In his State of the Union address, President Obama said “the nation that goes all-in on innovation today will own the global economy tomorrow.” He made the point that science and research are critical to keeping that competitive edge—but also to protecting our public health and our environment. I couldn’t agree more.
Science has always been at the heart of our mission at EPA. In the State of the Union address, President Obama doubled down on his commitment to using science to address a changing climate and carry out his Climate Action Plan—which aims to curb carbon pollution, build climate resilience in our towns and cities, and lead the world to a sustainable, clean energy future.
EPA science is critical to each part of the plan—and one of those ways is through our newly updated National Stormwater Calculator to help build climate resilience in our towns and cities.
The Calculator is a desktop application that estimates the annual amount of stormwater runoff from a specific location, based on local soil conditions, slope, and land cover. The new climate change update gives us the added ability to look at how runoff may change in the future based on historical weather data and different future climate change scenarios.
Here’s why that’s important. A lot of places in our communities, like a person’s home, have solid surfaces such as a concrete patio or a driveway. Stormwater running off those places picks up contaminants like pesticides and road salt on its way to the storm drain. With a greater frequency of extreme weather events, that pollution eventually reaches our lakes, rivers, and beaches.
But using the Calculator, local leaders and the general public can enter the address of a location and choose different scenarios and learn how adding green infrastructure elements—like rain barrels and rain gardens—can reduce the polluted runoff.
The updated Calculator (or phase II of the National Stormwater Calculator and Climate Assessment Tool package) takes it one step further by allowing users to select climate scenarios that incorporate changes in seasonal precipitation levels, the effects of more frequent high-intensity storms, and changes in evaporation rates. Once a climate scenario is chosen, the Calculator presents data on how well the selected green infrastructure element could handle runoff in future years.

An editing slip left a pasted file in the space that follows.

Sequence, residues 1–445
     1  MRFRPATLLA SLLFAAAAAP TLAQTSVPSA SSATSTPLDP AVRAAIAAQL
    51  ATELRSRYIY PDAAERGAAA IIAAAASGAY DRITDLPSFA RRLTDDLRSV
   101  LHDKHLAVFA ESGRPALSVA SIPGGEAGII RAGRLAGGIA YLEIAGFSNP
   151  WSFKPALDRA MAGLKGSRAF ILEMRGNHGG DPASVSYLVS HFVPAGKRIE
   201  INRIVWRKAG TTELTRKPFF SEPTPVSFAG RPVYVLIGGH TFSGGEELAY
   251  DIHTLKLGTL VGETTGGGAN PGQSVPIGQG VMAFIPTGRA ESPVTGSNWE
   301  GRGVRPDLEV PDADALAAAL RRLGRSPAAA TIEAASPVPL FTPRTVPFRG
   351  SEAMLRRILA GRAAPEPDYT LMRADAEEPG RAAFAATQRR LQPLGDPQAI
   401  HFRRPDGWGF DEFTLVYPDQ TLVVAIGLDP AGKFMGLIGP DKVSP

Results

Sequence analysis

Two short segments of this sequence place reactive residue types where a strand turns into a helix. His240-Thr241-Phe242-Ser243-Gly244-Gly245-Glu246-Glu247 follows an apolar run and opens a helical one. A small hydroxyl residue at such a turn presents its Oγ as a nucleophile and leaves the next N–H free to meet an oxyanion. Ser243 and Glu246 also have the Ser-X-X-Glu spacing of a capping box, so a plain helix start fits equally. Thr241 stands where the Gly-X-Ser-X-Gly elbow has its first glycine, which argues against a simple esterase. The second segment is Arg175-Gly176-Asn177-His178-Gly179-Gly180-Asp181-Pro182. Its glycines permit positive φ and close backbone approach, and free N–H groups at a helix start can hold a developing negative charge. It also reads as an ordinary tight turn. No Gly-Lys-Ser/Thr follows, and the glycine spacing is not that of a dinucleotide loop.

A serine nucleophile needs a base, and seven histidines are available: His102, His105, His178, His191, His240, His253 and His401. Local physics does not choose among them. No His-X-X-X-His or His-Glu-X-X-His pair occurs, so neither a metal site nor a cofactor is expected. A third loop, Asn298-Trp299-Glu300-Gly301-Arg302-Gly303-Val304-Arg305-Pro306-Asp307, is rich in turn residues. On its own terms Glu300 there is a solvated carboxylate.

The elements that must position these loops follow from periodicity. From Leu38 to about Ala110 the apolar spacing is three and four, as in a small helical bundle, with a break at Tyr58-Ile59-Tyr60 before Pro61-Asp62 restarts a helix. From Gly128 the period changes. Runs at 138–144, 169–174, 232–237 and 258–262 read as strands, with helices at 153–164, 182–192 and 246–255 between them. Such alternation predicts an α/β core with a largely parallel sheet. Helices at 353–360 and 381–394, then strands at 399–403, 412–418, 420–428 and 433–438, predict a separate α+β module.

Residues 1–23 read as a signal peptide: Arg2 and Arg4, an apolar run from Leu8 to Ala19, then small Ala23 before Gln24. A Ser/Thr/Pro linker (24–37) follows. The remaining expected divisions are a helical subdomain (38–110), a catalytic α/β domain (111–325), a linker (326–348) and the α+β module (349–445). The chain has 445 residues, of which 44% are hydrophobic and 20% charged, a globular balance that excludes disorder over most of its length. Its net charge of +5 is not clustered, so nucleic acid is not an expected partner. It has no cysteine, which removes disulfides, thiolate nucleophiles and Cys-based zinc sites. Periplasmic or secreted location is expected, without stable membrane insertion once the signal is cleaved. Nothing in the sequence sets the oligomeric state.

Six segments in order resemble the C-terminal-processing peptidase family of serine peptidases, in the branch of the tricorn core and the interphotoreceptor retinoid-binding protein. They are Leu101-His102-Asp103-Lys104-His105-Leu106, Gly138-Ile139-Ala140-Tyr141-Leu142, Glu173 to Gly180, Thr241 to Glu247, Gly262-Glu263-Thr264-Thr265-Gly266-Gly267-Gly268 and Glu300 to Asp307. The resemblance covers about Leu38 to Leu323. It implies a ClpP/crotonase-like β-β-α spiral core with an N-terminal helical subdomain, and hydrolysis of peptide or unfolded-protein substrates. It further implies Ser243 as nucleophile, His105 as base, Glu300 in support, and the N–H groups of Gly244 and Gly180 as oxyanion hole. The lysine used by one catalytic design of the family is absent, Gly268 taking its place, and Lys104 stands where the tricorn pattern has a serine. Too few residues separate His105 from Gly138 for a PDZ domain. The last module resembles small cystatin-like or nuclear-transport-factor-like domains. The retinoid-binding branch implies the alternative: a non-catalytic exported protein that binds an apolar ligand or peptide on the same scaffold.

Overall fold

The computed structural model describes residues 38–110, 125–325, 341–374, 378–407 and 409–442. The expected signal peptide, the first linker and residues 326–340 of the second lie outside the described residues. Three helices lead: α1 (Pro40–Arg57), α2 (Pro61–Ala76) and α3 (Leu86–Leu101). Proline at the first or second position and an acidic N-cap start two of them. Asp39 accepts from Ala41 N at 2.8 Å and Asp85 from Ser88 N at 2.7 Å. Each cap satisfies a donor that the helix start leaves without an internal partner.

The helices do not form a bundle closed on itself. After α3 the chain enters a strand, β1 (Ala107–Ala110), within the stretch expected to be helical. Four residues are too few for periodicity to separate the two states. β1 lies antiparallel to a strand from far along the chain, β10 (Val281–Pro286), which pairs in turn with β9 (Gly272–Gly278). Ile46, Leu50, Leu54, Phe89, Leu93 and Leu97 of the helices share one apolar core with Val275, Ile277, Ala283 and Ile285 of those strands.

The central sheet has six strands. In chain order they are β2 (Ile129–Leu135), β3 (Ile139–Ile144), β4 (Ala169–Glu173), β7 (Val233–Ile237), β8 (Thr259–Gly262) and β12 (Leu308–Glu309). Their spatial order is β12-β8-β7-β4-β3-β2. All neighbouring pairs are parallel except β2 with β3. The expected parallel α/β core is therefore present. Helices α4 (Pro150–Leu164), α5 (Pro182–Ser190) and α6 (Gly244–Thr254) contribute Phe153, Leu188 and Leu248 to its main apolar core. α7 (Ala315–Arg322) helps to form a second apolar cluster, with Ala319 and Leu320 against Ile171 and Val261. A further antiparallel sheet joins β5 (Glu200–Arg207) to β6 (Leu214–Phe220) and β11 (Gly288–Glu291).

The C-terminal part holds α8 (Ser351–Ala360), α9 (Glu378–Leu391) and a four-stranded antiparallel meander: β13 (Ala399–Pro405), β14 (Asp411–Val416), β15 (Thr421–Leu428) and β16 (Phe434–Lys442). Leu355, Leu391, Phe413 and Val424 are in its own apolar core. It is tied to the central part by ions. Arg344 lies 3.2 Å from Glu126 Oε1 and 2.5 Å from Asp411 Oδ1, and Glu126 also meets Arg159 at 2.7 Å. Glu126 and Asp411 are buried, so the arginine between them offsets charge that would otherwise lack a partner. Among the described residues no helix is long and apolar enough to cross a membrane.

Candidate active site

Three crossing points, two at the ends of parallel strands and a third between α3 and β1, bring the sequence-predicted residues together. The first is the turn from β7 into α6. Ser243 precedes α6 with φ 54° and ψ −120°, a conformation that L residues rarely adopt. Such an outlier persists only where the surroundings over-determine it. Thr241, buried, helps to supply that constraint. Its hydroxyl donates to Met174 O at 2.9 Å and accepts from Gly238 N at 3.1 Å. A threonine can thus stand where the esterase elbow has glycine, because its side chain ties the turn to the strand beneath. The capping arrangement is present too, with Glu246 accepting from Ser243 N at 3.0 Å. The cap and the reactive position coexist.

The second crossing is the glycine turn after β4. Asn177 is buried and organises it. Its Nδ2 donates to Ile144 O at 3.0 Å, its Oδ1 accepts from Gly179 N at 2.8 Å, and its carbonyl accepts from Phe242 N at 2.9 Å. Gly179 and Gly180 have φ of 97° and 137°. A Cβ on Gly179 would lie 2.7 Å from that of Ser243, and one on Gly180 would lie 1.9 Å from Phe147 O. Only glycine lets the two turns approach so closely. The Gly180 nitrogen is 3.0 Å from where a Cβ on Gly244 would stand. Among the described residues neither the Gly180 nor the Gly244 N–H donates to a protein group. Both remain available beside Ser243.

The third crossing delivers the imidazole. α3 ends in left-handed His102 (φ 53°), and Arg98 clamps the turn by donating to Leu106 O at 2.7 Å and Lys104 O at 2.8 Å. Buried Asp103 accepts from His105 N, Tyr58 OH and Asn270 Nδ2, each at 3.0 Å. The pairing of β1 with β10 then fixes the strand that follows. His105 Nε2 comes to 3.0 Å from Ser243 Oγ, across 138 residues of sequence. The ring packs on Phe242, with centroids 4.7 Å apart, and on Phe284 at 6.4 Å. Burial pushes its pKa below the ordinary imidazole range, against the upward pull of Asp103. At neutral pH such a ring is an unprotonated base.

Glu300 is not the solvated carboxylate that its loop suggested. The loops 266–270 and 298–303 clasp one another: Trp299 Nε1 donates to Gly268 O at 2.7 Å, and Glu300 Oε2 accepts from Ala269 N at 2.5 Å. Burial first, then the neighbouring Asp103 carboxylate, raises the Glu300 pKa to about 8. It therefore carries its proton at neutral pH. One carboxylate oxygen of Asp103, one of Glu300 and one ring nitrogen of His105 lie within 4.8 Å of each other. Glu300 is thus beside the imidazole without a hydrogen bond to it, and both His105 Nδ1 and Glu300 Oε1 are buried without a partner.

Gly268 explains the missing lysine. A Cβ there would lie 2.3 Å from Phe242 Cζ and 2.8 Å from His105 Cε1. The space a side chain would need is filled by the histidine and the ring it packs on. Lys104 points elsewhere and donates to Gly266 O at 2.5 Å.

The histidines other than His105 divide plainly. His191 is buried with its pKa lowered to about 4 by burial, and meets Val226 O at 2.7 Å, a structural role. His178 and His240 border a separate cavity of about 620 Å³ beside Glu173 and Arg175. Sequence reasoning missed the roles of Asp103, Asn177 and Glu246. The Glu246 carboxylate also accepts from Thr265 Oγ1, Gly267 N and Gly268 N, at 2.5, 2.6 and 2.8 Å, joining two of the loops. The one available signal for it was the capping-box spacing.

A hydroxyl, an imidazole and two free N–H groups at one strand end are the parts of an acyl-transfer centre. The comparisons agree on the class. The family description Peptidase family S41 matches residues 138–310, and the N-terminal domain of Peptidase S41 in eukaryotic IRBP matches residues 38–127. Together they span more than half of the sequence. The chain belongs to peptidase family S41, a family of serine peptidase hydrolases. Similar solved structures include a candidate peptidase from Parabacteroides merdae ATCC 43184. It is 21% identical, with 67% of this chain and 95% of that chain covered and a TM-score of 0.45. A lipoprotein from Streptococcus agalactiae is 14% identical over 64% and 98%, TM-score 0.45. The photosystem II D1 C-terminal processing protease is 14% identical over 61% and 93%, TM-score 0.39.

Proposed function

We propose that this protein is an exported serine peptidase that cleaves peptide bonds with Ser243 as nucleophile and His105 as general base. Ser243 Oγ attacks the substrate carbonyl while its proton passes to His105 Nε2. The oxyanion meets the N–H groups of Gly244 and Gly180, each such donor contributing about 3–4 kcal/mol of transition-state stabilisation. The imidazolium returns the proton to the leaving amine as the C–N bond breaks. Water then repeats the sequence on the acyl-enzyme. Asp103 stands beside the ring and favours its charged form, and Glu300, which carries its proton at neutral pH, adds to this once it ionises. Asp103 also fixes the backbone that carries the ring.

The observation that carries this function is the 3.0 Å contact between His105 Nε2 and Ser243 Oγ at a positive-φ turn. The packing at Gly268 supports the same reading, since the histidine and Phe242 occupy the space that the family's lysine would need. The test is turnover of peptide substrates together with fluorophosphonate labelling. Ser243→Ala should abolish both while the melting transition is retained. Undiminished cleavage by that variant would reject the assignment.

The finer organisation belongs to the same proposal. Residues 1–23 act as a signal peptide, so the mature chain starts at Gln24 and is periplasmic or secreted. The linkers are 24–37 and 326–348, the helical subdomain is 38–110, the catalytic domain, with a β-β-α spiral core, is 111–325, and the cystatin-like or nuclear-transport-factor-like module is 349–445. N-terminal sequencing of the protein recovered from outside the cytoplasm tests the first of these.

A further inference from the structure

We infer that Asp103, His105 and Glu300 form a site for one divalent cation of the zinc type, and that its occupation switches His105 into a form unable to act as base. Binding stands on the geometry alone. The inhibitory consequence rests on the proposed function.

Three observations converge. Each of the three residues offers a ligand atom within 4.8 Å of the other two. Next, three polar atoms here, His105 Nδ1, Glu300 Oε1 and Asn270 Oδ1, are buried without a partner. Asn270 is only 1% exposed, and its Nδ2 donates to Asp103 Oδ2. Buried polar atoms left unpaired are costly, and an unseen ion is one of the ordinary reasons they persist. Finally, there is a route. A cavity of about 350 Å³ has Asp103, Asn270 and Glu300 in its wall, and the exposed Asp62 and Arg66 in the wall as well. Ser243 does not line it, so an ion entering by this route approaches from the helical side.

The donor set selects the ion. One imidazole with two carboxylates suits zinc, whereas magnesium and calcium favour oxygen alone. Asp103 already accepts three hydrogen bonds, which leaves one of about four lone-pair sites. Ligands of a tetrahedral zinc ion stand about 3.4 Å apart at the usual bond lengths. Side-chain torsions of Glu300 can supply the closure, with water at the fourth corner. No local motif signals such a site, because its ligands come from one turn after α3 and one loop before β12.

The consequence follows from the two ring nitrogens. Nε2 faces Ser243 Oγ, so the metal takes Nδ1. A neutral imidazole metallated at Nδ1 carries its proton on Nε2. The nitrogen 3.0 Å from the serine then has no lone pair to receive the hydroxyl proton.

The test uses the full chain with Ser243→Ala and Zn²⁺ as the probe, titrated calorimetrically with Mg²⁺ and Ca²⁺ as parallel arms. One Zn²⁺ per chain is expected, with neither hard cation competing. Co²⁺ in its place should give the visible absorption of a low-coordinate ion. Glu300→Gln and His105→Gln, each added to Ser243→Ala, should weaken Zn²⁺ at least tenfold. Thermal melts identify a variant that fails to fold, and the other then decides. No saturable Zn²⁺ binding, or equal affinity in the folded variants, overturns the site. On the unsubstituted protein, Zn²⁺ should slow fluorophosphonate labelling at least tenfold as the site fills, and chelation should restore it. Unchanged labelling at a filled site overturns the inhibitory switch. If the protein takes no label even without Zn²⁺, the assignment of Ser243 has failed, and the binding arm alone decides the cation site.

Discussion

When I travel around the country, I hear from mayors and local officials all the time about the hardships felt throughout their neighborhoods when it comes to poor water quality and water infrastructure badly in need of renewal. The updated Stormwater Calculator is a tool in those mayors’ hands give them the chance to find out what solutions best fit individual properties in their city—without breaking the bank. Towns and cities can harness the benefits of green infrastructure, combined with other elements of Presidents Obama’s Climate Action Plan, to help prepare for climate impacts and built a cleaner, healthier future.
From protecting our water to combating climate change, the environmental protection challenges we face are steep, and now more than ever we have to continue to rely on science as our guide. As President Obama said in his State of the Union address, in the future when our kids “look us in the eye and ask if we did all we could to leave them a safer, more stable world”… we all want to be able to say “yes, we did.”
Sound science, like the science that goes into the Stormwater Calculator, will help get us there.